Australian nanotech Starpharma to develop a second generation microbicide for the prevention of infection by HIV

Melbourne-based nanotechnology company Starpharma will lead a consortium to develop a second generation microbicide for the prevention of infection by HIV and other sexually transmitted diseases (STDs). This consortium is being funded by a US$5.4 million (A$7.5 million) grant from the National Institute of Allergy and Infectious Diseases (NIAID), part of the US National Institutes of Health (NIH).

The consortium consists of Starpharma and ReProtect, Inc., together with research groups from the Johns Hopkins University, the University of Texas Medical Branch, the University of Kentucky, the University of Washington and the Burnet Institute in Melbourne.

Microbicides are chemical agents that in the form of gels can be used before intercourse to inactivate STD pathogens. Microbicides are currently being viewed by health officials as one of the best potential opportunities for stemming the spread of HIV/AIDS.

“It is very significant for us that NIH and NIAID have recognized not only the tremendous potential of microbicides in the fight against AIDS, but through their Peer Review system, have awarded our research consortium a grant to exploit the particular strengths of the complementary technologies owned by Starpharma and ReProtect," said John Raff, CEO of Starpharma.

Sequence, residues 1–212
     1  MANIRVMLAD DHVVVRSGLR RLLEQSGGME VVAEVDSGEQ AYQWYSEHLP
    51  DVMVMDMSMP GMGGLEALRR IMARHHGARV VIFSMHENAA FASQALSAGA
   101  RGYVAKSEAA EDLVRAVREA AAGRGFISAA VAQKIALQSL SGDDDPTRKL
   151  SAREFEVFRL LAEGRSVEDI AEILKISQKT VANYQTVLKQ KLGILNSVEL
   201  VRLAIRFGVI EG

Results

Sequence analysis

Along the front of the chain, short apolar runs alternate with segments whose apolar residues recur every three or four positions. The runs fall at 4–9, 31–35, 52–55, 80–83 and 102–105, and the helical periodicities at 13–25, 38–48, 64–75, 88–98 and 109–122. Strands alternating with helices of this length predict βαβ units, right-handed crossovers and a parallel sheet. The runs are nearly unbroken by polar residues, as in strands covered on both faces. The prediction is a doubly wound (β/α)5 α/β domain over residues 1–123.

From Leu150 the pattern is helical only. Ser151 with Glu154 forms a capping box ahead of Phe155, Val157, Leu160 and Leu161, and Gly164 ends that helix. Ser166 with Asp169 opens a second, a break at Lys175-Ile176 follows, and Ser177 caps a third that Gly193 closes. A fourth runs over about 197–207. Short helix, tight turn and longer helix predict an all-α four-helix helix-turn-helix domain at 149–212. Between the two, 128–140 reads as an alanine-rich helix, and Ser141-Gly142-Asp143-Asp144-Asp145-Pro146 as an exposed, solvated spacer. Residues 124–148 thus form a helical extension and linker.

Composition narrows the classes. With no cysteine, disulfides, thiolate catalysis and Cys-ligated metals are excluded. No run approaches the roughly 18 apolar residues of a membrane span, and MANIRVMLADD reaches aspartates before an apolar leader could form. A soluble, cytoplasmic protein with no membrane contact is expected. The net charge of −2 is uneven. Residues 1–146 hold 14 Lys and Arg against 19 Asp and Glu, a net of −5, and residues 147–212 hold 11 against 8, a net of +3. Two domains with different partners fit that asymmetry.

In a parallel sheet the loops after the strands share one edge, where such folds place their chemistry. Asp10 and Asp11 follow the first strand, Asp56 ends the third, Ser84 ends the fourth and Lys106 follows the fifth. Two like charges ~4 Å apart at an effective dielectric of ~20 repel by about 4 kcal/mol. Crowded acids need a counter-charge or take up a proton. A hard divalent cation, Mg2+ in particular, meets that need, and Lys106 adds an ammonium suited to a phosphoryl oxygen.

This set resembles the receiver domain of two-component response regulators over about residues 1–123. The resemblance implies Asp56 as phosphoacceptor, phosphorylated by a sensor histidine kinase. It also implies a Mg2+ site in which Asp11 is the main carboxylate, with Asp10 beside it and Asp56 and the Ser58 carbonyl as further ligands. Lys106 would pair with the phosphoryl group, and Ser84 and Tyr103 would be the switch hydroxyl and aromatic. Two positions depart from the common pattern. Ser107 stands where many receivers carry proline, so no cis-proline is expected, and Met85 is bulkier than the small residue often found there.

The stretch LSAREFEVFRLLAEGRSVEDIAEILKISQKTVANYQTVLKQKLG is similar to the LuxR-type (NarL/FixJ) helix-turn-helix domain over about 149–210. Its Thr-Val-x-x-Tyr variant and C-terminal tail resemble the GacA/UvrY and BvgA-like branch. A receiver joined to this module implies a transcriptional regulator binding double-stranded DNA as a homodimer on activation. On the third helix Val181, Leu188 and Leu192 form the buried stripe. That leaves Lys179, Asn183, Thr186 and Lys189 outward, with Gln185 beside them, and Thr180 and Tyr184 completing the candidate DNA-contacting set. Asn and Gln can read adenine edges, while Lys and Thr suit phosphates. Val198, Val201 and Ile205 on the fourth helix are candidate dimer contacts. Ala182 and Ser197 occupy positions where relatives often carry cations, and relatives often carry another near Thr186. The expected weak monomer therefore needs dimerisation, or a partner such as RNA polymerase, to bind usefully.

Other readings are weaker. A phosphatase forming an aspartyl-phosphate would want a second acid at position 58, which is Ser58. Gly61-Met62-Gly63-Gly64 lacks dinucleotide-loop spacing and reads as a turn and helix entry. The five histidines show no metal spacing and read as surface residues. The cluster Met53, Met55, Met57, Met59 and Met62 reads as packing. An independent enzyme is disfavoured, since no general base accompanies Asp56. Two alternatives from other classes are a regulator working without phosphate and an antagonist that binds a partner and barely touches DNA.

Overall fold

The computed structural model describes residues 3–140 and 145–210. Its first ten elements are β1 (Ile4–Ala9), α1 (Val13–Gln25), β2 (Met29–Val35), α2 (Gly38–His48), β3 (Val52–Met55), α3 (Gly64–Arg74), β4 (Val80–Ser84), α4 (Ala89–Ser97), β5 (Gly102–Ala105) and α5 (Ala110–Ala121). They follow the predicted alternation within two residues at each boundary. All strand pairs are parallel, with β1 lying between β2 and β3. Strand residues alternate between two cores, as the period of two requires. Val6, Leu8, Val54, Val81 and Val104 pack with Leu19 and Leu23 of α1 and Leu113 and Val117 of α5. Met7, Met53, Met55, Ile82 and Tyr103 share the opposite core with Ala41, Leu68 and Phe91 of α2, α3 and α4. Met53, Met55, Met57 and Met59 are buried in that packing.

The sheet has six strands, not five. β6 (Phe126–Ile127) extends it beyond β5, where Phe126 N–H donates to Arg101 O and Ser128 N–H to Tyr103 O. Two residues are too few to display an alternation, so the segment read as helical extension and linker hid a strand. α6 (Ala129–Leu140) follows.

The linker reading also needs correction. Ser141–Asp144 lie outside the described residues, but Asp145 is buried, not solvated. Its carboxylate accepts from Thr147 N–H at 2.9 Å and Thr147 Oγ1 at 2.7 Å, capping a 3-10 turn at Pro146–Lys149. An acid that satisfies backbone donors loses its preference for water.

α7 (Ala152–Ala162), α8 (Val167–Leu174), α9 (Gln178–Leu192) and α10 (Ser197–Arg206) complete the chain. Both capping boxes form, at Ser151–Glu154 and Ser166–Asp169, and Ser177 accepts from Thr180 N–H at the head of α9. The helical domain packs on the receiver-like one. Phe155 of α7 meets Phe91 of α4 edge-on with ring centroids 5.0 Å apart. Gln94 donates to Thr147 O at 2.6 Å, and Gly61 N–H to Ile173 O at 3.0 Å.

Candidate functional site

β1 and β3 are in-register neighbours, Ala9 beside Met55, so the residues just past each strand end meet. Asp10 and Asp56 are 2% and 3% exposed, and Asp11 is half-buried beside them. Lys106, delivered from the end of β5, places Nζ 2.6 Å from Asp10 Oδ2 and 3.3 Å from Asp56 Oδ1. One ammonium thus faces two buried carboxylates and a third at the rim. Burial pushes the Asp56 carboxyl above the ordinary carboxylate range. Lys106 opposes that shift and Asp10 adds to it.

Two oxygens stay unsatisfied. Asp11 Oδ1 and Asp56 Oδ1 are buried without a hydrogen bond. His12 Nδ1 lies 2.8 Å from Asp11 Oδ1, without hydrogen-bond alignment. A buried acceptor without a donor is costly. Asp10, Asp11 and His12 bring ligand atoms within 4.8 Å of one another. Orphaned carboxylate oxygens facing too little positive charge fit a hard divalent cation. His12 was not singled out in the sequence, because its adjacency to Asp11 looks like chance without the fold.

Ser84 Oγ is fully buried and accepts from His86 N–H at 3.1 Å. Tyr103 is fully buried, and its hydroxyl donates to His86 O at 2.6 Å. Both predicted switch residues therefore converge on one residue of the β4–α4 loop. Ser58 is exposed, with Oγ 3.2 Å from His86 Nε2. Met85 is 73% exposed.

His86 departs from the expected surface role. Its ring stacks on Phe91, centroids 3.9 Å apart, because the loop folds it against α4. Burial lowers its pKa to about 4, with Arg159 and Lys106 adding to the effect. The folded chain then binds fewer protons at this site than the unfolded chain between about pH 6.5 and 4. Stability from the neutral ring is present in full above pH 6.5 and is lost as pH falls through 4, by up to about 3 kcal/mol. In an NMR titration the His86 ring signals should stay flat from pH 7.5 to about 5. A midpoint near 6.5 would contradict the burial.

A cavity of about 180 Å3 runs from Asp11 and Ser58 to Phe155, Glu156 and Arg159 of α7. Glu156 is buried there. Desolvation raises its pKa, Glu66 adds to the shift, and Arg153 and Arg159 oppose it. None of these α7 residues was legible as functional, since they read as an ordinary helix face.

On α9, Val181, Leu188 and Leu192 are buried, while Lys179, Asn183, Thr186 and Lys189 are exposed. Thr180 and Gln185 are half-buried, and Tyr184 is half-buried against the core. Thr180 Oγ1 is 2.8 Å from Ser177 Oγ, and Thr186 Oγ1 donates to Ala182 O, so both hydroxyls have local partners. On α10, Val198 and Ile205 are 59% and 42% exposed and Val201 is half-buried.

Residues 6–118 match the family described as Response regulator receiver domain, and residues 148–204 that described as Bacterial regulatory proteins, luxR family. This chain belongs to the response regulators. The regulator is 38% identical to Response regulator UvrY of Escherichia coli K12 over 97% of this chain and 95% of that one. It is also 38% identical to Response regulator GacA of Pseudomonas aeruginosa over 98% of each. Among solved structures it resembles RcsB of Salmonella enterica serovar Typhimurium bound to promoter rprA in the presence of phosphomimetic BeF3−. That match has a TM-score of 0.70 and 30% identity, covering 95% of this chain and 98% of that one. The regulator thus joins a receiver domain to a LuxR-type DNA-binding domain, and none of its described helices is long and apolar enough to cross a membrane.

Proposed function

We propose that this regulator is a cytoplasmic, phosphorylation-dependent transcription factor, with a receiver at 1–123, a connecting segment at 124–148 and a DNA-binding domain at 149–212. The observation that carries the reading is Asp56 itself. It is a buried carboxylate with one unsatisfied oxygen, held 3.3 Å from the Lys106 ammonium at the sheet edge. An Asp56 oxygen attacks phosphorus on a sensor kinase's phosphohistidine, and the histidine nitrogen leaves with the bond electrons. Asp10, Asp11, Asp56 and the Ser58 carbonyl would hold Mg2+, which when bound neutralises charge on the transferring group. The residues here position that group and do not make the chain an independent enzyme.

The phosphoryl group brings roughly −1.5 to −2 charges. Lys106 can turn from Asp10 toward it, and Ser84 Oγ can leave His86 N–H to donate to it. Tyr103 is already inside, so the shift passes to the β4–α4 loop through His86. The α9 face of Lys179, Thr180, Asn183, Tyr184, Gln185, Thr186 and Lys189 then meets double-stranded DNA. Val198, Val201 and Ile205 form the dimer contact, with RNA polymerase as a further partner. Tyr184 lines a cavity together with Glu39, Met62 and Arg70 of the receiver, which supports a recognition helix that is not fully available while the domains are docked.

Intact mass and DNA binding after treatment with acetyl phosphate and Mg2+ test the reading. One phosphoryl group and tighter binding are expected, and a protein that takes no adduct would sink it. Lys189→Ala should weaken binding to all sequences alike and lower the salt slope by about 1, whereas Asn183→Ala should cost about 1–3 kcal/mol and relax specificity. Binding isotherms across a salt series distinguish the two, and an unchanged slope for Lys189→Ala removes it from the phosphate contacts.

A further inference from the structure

According to Thomas Moench, President of ReProtect: “Attaining the goal of developing a combination microbicide against HIV and other STDs can be likened to putting both seat belts and airbags into cars, rather than building hospital beds for traffic accident victims. Success in this undertaking with Starpharma would provide an exciting new product with the broadest and most reliable protection against pregnancy and disease."

Both Starpharma and ReProtect already have microbicides in clinical trials. VivaGel™, Starpharma’s product based on proprietary dendrimer technology, is in Phase I clinical trials. ReProtect's BufferGel is currently in an NIH sponsored Phase II/IIb safety and efficacy trial for the prevention of HIV transmission.

A strength of the companies' working together is the opportunity to develop a microbicide that combines several protective actions to prevent transmission of a broad spectrum of STDs including HIV, herpes, chlamydia and human papilloma virus.

In the US, STDs including genital herpes affect more than 70 million people annually. It was estimated in 1999 that the annual cost of all STDs was more than US$10 billion a year.

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The opinions expressed here are the views of the writer and do not necessarily reflect the views and opinions of News Medical.
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